Architects: AMID (Cero9) / Cristina Díaz Moreno + Efrén García Grinda
Location: Jerte Valley, Cáceres, Spain
Client: Consejería de Cultura y Turismo, Junta de Extremadura.
Program: Cherry Tree Fair and Convention Centre in the Jerte Valley
Competition Team: Luis Cabrejas Guijarro, Jorge Saz Semolino, José Quintanar Iniesta, Bruno Gomes, Mireia Luzárraga.
Project Team: Jorge Saz Semolino, Alex Muiño, Mireia Luzárraga, Margarita Martínez, José Quintanar, Dora Joana Moreira da Costa y Manu Jimenez.
Models: Jorge Queipo and AMID (Cero9)
Project Year: 2008
Images: AMID (Cero9)
There is nothing more absurd for the Centre of the Fiesta del Cerezo (Cherry Tree Day) than blindly importing models designed for other locations and purposes. Words such as ‘Theatre’, ‘Auditorium’, ‘Convention Centre’ or ‘Conference Hall’ lack any meaning whatsoever in the context of the celebration of a popular holiday involving agriculture, in an artificialised setting with a long history that dates back to at least the 18th century. Neither the urban typological models for halls nor the events that take place therein nor their organisation or formal or material definitions mean anything in this case.
Our proposal for the Fiesta del Cerezo involves the development of a contemporary chapel, a building that establishes a close bond with the environment through its presence, position, volume and material. An assertive building, one that does not refuse to relate with the entire valley and whose scale provides a reference point within said valley. A church for pilgrims, a chapel, a lay Ronchamp, a San Baudelio de Berlanga that floats among the landscape, a Saint Chapelle in Paris that is raised from the ground and that makes the ascension to the main hall a spectacle for the senses and a tool to become one with the surrounding landscape. A hybrid between a man-made cavern with large openings to let light in, amongst cherry trees in bloom, and high-technology scenic machinery, both solid and inexpensive, in plain view for everybody. A rock with biological and natural associations in the midst of the specialisation of the surrounding terrain of terraces and cherry trees. A strange hybrid that cannot be called a theatre or an auditorium any longer. A building that can remain closed for months and opened for the day or for the Otoñada (autumn season), in the same way as a church on a pilgrimage day.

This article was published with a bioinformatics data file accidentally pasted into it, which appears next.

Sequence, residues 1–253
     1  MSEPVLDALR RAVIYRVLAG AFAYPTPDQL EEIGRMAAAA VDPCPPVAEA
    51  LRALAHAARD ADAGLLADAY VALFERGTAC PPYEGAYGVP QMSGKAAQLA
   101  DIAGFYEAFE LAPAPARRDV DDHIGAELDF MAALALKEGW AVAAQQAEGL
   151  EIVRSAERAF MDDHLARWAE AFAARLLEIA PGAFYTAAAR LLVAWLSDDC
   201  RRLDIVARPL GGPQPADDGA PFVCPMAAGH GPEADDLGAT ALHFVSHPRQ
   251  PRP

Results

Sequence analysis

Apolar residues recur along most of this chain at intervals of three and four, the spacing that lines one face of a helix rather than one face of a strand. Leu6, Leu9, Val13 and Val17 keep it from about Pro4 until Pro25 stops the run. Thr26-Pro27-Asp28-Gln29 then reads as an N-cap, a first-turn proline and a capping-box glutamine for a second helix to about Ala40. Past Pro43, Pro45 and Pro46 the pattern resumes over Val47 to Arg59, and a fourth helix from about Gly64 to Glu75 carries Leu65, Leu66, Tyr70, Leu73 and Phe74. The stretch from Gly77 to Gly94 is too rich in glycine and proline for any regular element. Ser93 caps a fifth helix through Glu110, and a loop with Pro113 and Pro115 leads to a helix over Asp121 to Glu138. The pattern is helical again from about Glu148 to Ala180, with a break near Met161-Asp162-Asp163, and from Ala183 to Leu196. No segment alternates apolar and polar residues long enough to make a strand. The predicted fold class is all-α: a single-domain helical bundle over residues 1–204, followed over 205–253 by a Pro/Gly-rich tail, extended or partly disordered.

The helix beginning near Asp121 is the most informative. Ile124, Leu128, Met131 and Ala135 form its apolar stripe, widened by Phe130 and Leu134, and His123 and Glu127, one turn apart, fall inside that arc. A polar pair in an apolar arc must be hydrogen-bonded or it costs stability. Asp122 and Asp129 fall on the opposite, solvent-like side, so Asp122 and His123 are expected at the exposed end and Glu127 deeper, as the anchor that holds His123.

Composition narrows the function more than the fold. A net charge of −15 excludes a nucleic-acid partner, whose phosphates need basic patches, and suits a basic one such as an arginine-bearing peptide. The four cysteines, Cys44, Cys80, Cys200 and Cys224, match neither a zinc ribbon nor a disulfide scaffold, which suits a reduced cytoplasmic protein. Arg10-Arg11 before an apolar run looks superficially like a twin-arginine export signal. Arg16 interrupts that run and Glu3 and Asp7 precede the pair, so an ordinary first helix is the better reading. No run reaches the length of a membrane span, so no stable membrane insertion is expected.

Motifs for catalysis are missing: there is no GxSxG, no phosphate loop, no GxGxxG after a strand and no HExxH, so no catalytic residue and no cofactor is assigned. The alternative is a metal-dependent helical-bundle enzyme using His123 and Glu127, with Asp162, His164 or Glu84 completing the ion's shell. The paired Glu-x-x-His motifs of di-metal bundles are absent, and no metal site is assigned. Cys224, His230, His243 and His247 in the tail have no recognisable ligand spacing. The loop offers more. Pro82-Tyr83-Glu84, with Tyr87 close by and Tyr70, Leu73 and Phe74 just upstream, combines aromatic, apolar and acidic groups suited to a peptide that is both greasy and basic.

Our proposal for this landscape that shifts colours during the year is a ceramic building whose large glistening tiles overlap the fog and provide a contrast with the changes in colour of the valley, from green to red to white.
The main room explores the greatest possible versatility with conventional and technically tested means. The purpose of the configuration selected is to create a room with a flat floor that is compatible with the required occupancy level. The typology of the European concert halls of the 18th century, with their flat stall, short top amphitheatre and high stage, has thus been used as a basis.
The enclosing shell is a three-dimensional structure of interwoven steel plate girders with high depth and slenderness. They form lozenges, triangles and pentagons and ensure a similar behaviour to that of a dome. The shell is lined with flat scales formed by ceramic pieces that fit the initial geometry with different sizes, as a function of the curvature of the surface. This is replicated towards the inside with a mosaic of lozenges, triangles and pentagons that serve to fine-tune the acoustics of the hall.
There is nothing more natural in this environment than building terraces to house the activities of this open-air holiday. These terraces adapt to the size of the groups of people and to the activities that take place within them in the same way as they now adapt to the size of the cherry trees and to the slopes. These new terraces shall apply the construction laws of the valley itself and shall be a visual, material and spatial extension of the existing terraces.
Since this landscape has a strong significance for its inhabitants -they built it, they live off what it produces and they work in it all year round- and their culture is rooted in it, our proposal is based on joining all these qualities and redescribing the landscape of the valley.